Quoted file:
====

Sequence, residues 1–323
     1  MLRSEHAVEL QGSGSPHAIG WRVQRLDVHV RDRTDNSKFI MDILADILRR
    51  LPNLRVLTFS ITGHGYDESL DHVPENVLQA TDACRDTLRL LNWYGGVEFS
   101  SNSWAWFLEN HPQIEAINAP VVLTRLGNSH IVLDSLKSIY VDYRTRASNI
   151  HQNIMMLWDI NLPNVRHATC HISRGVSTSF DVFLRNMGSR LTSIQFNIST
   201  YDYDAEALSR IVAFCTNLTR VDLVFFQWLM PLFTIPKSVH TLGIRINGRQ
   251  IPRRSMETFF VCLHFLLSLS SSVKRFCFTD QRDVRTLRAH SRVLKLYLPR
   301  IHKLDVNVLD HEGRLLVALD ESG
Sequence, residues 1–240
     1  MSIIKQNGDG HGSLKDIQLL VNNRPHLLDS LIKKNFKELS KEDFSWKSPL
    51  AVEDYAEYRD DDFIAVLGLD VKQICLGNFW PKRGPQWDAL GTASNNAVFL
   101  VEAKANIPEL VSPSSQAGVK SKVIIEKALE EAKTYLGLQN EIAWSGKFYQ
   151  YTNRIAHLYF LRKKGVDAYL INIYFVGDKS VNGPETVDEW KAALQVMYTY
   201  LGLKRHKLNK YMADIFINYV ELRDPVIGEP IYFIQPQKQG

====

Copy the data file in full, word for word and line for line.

Sequence, residues 1–323
     1  MLRSEHAVEL QGSGSPHAIG WRVQRLDVHV RDRTDNSKFI MDILADILRR
    51  LPNLRVLTFS ITGHGYDESL DHVPENVLQA TDACRDTLRL LNWYGGVEFS
   101  SNSWAWFLEN HPQIEAINAP VVLTRLGNSH IVLDSLKSIY VDYRTRASNI
   151  HQNIMMLWDI NLPNVRHATC HISRGVSTSF DVFLRNMGSR LTSIQFNIST
   201  YDYDAEALSR IVAFCTNLTR VDLVFFQWLM PLFTIPKSVH TLGIRINGRQ
   251  IPRRSMETFF VCLHFLLSLS SSVKRFCFTD QRDVRTLRAH SRVLKLYLPR
   301  IHKLDVNVLD HEGRLLVALD ESG
Sequence, residues 1–240
     1  MSIIKQNGDG HGSLKDIQLL VNNRPHLLDS LIKKNFKELS KEDFSWKSPL
    51  AVEDYAEYRD DDFIAVLGLD VKQICLGNFW PKRGPQWDAL GTASNNAVFL
   101  VEAKANIPEL VSPSSQAGVK SKVIIEKALE EAKTYLGLQN EIAWSGKFYQ
   151  YTNRIAHLYF LRKKGVDAYL INIYFVGDKS VNGPETVDEW KAALQVMYTY
   201  LGLKRHKLNK YMADIFINYV ELRDPVIGEP IYFIQPQKQG